By Michael Shank and Emily Wirzba, Special to CNN
Editor’s note: Michael Shank is director of foreign policy at the Friends Committee on National Legislation. Emily Wirzba is program assistant for Sustainable Energy and the Environment at FCNL. The views expressed are their own.
The agreement forged by Russia and the United States over the weekend on Syria’s chemical weapons is good news for diplomacy, and bodes well for any restart of the Geneva II peace process aimed at ending the country’s civil war. But the short-term focus on chemical weapons use risks undermining some much-needed long-term thinking on the issue.
Of course, both sides in the Syrian conflict need to be held accountable for their alleged use of (or, in the case of some rebels, their alleged attempts to acquire) chemical weapons. But even after any stockpiles have been accounted for and dealt with, there will still be the outstanding question of how to resolve the ongoing civil war.
And the Obama administration should belatedly be willing to address a surprising source of the current tensions – water shortages. Indeed, the sad fact is that the United States could have helped prevent tensions in Syria from escalating into civil breakdown if it had worked with the international community to tackle a growing problem with this most basic of resources.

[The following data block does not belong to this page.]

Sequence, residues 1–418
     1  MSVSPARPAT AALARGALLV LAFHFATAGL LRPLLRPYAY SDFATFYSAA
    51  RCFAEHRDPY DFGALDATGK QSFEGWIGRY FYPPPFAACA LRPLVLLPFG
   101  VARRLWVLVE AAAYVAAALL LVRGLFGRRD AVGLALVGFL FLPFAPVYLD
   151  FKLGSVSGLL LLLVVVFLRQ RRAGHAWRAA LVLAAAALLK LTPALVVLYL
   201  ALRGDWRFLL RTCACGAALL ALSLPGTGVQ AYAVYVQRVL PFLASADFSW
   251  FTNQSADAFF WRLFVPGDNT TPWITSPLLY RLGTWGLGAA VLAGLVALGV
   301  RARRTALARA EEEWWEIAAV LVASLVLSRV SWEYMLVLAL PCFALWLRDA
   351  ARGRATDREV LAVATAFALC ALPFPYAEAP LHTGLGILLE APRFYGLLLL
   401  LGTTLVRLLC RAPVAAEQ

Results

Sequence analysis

This article was originally posted last month. It is being reposted today, World Water Day. For more What in the World, watch GPS on Sundays at 10 a.m. and 1 p.m. ET.
By Global Public Square staff
Imagine a large body of water – about the size of the Dead Sea – simply disappearing. It sounds like a science fiction movie. But it’s not. It’s happening in real life – and we've only just found out.
A pioneering study from NASA and the University of California Irvine shows how the Middle East is losing its fresh water reserves. As you can see from the satellite imagery in the video, we’re going from blues and greens, to yellows and reds: that’s 144 cubic kilometers of lost water between 2003 and 2009. What do we mean by “lost water”? Most of it comes from below the Earth’s surface, from water trapped in rocks. In times of drought, we tend to drill for water by constructing wells and pumps. But the Earth has a finite supply. NASA’s scientists say pumping for water is the equivalent of using up your bank savings. And that bank account is dwindling.
This could have serious implications. Conflicts over water are as old as the story of Noah – in 3,000 BC. The Pacific Institute lists 225 such conflicts through history. What’s fascinating is that nearly half of those conflicts took place in the last two decades. Are we going to see a new era of wars fought over water?